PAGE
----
Can You Get a Contractor’s License if You’re Not a US Citizen?

Wondering if you can get a contractor’s license in your state, despite not being a US citizen?

We’ve got you covered. In this guide, we’ll cover the basics of whether you can get a contractor’s license in America if you’re not a US citizen, including what you can expect from the licensing process and what documentation you require to get a license.

Let’s dig in.

What is a Contractor’s License?

A contractor’s license is a legal verifier that allows individuals or companies to engage in construction activities within the scope of the law. It’s a way to ensure that contractors meet certain standards of quality, safety, and professionalism, while also ensuring that unscrupulous contractors who can cause physical, environmental, or financial damages are prevented from doing construction work.

Licenses are typically issued by state or local government agencies and may be required for various types of construction work, from general contracting to specialized trades like electrical, plumbing, and HVAC.

Usually, contractors’ licenses are specific to your trade or area of expertise. In California, for instance, you have over 50 different types of construction licenses, from Class B General Contractor licenses to highly specialized Class C licenses covering trades like landscaping and low-voltage electrical.

Do You Need a Contractor’s License to Do Construction?

The requirement for a contractor’s license depends on the state or locality and the type of construction work being performed. In general, most states require a license for major construction projects, especially those exceeding a certain monetary threshold.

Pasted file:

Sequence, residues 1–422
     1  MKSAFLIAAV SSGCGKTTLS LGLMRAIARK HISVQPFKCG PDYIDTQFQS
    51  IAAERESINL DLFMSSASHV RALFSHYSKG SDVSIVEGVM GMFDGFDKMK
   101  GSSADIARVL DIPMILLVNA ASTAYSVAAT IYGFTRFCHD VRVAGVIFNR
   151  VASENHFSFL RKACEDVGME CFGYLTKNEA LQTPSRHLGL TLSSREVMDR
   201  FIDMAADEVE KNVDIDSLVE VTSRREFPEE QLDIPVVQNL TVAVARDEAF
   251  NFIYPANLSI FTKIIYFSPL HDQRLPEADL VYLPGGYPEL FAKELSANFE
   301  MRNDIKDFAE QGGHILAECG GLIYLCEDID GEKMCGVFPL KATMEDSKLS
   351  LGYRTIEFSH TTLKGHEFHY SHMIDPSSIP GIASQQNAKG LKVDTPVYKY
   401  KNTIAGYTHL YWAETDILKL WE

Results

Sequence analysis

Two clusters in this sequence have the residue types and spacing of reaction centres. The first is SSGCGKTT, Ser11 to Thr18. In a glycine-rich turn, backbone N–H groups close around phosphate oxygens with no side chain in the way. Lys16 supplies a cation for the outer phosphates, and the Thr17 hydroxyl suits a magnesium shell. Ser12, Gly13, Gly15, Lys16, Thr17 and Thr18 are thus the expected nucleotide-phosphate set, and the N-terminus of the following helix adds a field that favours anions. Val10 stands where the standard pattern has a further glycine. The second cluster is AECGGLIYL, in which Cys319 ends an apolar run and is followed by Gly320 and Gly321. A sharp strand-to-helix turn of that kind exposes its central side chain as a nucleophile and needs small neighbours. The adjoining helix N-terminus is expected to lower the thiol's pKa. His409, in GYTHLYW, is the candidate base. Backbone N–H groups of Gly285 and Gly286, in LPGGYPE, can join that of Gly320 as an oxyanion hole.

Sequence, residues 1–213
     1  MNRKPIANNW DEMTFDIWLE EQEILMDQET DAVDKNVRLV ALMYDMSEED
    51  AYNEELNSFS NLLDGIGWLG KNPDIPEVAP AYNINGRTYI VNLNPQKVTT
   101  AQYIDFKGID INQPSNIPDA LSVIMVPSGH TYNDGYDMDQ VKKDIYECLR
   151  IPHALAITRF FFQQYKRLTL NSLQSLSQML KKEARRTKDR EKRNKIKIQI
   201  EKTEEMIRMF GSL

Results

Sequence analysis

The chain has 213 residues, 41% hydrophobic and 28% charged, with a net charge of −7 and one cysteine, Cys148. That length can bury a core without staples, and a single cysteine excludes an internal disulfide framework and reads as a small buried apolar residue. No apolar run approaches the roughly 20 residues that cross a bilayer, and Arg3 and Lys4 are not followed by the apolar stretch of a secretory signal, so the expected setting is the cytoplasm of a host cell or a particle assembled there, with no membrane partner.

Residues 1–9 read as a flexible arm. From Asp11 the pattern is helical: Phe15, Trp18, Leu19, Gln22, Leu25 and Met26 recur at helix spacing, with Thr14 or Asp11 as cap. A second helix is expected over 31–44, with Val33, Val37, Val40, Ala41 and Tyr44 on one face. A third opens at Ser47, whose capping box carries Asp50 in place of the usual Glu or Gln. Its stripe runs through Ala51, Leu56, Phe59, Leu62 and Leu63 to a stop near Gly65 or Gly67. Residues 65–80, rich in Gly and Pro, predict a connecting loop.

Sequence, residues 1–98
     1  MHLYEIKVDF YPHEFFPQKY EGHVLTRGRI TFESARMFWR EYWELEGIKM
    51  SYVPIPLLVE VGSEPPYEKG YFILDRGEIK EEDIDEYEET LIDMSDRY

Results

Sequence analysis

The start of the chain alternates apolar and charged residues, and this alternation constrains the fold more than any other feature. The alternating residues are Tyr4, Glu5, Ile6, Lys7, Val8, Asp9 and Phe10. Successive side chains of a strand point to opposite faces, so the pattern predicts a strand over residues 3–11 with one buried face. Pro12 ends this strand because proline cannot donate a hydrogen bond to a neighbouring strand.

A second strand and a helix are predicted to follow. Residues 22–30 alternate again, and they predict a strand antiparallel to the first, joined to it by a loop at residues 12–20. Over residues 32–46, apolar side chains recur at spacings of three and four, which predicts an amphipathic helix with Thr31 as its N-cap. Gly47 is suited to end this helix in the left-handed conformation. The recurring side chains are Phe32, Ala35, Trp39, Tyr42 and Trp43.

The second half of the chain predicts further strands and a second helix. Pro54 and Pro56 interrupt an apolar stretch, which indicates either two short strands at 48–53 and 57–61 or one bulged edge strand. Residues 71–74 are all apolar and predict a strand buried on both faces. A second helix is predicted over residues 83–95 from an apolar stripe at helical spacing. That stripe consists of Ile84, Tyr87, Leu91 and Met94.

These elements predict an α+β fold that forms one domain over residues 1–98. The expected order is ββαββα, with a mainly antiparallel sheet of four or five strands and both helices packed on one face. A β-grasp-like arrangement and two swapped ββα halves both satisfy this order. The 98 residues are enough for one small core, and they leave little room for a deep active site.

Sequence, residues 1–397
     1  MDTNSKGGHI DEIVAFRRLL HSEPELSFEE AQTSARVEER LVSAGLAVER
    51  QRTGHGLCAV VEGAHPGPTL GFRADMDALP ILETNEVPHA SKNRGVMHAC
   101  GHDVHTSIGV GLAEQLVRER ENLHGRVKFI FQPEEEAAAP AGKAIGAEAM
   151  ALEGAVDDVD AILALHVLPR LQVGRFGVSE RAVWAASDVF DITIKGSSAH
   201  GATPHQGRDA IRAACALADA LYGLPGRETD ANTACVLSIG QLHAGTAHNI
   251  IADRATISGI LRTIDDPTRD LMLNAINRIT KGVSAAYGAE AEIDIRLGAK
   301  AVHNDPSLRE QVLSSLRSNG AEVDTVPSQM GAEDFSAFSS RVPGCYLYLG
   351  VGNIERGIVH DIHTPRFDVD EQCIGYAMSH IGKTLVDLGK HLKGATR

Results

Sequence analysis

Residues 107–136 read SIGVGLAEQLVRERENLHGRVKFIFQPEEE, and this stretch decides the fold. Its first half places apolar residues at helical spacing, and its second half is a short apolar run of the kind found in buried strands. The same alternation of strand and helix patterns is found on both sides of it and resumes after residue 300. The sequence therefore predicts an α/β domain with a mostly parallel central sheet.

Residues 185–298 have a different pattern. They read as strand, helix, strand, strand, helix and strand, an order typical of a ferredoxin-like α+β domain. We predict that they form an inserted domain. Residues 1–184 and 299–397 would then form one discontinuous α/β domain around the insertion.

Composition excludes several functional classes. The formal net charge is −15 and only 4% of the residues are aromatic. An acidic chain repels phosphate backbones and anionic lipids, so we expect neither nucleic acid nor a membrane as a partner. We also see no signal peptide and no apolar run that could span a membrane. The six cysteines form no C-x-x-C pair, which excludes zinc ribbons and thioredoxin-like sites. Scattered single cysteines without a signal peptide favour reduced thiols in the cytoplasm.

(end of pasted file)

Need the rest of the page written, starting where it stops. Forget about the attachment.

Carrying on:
For example, in Mississippi, a license is required for general contracting work on projects valued above $50,000. In California, you need a contractor’s license if you do construction work on any job valued over $500 in materials and labor! However, the rules can vary, so it’s important to check the specific requirements in your area.

Consequences of Doing Unlicensed Construction Work

Operating without a valid contractor’s license can lead to serious consequences, including:

  • Heavy fines, damage reparation payments, and other financial penalties
  • Legal action and lawsuits
  • Inability to enforce contracts
  • Damage to reputation and credibility
  • Higher costs and overcharges
  • Jail or prison if you are a repeat offender

Seriously – they can throw you in jail for doing unlicensed contracting work in many states. If your state has a licensing requirement, you should get a contractor’s license. The consequences of not doing so can be life-changing and brutal!

Can You Get a Contractor’s License if You’re Not a US Citizen?

Yes, non-US citizens can obtain a contractor’s license in the United States. However, the specific requirements vary by state.

Generally, you’ll need to meet the same qualifications as US citizens, which may include passing exams, providing proof of experience, and obtaining insurance and bonding. Some states might also require a Social Security Number (SSN) or Individual Taxpayer Identification Number (ITIN).

However, in many states, it’s absolutely not a requirement to be licensed.

How to Get a Contractor’s License if You’re Not a US Citizen

  • Identify the Requirements: Check with your state’s licensing board to understand the specific requirements for obtaining a contractor’s license. Usually, the requirements include age, experience, bonds and insurance, and examination requirements.
  • Obtain an ITIN: If you don’t have a Social Security Number, you may need to apply for an Individual Taxpayer Identification Number (ITIN) for tax purposes. Almost every contractor’s license will require an SSN, EIN, or ITIN to receive a license.